In March 2020, ordinary life stopped as COVID-19 cases soared, and regardless of whether we had direct experience of the virus, we all found ourselves plunged into a daunting present and an unknown future.
‘Midway along the journey of our life I awoke to find myself in a dark forest, for the straightforward path had been lost’1
As therapists, we know the most desperate times can become a catalyst for spiritual awakening and personal transformation. We also know the right kind of support can make all the difference to the often-treacherous journey towards a person’s essential self.
Could an experience of COVID-19 be an accelerator of spiritual awakening, at a scale yet to be seen? And, if so, how can therapists respond to the need for holding when we also have a ‘presenttime’ knowledge of this reality at a deeply personal level?
COVID: a personal experience
For me, COVID-19 was personal from the start, having been infected with the virus in early March. As a result of my own suffering, and a need to connect, I founded the first Facebook support group specifically for those in the UK and Ireland with COVID-19, or with an experience of the virus through someone they care about.
The journey of healing is often equated to a road or even a marathon. Yet healing from coronavirus is neither. Instead of being a straight path, it is like waking up and finding oneself lost and alone, in the middle of a maze.
Unlike a road, or even Dante’s forest, a maze has sharp corners and dead ends. There are times when all seems to be going well until the realisation hits that the path has doubled back on itself. While friends and family can stand on the outside, shouting directions or throwing in supplies, this journey is as individual as the person making it. And it can have very real psychological ramifications.
The initial COVID-19 virus and subsequent post-viral relapses can disrupt living with shocking intensity, effectively rendering the individual incapacitated, sometimes for weeks. The physical symptoms are compounded by the emotional impact of having an illness so new that it can neither be charted or accurately understood. The result is that sufferers might be left blaming or second-guessing themselves and enduring misunderstanding and dismissal from others. Not to mention an ever-present dread of reinfection. Is it any wonder then that this experience might prompt profound crises of meaning, as everything that once felt safe and reliable suddenly disappears?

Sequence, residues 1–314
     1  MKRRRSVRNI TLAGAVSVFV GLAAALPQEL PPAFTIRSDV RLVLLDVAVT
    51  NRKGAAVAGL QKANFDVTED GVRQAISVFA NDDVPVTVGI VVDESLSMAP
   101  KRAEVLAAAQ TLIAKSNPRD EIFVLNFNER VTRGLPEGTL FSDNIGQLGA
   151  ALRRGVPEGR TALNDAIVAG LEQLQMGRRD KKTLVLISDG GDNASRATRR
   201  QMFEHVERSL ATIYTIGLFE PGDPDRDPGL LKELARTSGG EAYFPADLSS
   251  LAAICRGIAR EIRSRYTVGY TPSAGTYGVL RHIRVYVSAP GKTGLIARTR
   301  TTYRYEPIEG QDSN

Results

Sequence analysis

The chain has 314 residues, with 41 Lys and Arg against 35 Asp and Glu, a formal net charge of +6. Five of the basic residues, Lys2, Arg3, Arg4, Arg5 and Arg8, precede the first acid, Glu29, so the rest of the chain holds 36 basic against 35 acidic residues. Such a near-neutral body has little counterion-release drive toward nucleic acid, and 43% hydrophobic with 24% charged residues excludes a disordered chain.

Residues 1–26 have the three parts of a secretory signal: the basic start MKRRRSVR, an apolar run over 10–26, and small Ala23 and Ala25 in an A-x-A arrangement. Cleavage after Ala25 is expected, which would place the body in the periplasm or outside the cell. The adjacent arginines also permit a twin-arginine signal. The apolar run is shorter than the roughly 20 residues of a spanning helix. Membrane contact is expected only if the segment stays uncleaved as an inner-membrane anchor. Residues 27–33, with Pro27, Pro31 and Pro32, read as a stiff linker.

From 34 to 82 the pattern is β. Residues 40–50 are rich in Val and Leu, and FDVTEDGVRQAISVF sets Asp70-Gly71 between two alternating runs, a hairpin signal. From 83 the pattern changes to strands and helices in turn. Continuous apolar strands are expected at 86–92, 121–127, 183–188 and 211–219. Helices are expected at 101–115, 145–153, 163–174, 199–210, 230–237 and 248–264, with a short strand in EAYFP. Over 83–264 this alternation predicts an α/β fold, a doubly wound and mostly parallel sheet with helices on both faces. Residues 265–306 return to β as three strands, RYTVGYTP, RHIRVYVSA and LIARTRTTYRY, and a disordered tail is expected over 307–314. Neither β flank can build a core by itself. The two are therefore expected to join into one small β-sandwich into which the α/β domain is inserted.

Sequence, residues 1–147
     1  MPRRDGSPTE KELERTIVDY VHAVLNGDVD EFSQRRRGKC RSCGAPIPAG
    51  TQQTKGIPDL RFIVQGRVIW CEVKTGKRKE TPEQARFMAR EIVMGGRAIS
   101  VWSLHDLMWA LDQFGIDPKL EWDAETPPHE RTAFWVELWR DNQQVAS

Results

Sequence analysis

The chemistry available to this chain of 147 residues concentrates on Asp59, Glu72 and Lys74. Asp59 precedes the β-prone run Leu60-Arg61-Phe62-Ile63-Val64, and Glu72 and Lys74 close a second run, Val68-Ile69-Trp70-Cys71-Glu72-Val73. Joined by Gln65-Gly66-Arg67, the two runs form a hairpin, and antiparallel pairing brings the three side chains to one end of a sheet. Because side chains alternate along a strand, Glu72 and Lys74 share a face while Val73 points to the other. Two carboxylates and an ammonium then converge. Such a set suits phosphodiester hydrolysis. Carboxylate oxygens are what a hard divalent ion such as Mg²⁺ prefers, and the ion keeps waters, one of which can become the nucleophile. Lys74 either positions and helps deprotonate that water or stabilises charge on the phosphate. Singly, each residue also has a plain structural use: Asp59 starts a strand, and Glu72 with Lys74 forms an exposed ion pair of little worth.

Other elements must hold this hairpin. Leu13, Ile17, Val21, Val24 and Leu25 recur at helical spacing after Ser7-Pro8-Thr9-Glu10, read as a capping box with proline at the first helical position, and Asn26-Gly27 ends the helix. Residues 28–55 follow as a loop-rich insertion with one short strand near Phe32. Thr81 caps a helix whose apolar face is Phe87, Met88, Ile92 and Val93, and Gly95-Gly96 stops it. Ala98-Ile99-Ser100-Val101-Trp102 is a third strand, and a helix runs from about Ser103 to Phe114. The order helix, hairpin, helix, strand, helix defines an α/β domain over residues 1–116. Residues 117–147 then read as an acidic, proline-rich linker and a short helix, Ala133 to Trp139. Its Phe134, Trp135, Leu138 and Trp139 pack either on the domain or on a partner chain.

Grief resides at every step. Every time a corner is turned, or the way suddenly appears to be going backwards, a new form of despair emerges, forcing a new reality and leaving a painful reminder of how much has been lost. However, grieving in all its guises is an essential part of the healing process, and each step, corner or turn provides an opportunity to integrate the experience of COVID-19. If acceptance can be found within these new limitations, so too can follow elements of purpose and meaning in this new reality. Even if just for a little while.
Spiritual awakening demands deep personal exploration. The courage and conviction required to transcend from the ‘known’, into the ‘unknown’ and forward towards the ‘not yet known’, makes the journey intrepid.
Irrespective of one’s personal experience of COVID, I believe that we are all now moving through a ‘global trauma’ where parallel process is not only inevitable, but inescapable. We are all having to face a loss of the known; where we must be willing to die to one story, to be ‘…reborn into a new larger story’.2